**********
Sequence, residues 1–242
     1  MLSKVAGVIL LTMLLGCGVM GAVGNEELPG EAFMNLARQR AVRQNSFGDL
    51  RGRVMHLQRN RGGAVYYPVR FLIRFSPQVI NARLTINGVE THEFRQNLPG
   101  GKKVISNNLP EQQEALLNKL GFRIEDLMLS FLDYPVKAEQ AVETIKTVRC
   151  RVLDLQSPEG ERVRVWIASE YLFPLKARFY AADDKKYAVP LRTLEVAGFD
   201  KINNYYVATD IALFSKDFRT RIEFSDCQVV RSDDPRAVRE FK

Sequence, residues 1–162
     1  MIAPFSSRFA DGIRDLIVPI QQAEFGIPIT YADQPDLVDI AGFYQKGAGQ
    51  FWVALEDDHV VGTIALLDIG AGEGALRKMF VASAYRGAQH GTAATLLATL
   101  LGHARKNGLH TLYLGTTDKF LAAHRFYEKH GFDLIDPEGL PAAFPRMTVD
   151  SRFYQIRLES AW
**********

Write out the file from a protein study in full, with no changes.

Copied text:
Sequence, residues 1–242
     1  MLSKVAGVIL LTMLLGCGVM GAVGNEELPG EAFMNLARQR AVRQNSFGDL
    51  RGRVMHLQRN RGGAVYYPVR FLIRFSPQVI NARLTINGVE THEFRQNLPG
   101  GKKVISNNLP EQQEALLNKL GFRIEDLMLS FLDYPVKAEQ AVETIKTVRC
   151  RVLDLQSPEG ERVRVWIASE YLFPLKARFY AADDKKYAVP LRTLEVAGFD
   201  KINNYYVATD IALFSKDFRT RIEFSDCQVV RSDDPRAVRE FK

Sequence, residues 1–162
     1  MIAPFSSRFA DGIRDLIVPI QQAEFGIPIT YADQPDLVDI AGFYQKGAGQ
    51  FWVALEDDHV VGTIALLDIG AGEGALRKMF VASAYRGAQH GTAATLLATL
   101  LGHARKNGLH TLYLGTTDKF LAAHRFYEKH GFDLIDPEGL PAAFPRMTVD
   151  SRFYQIRLES AW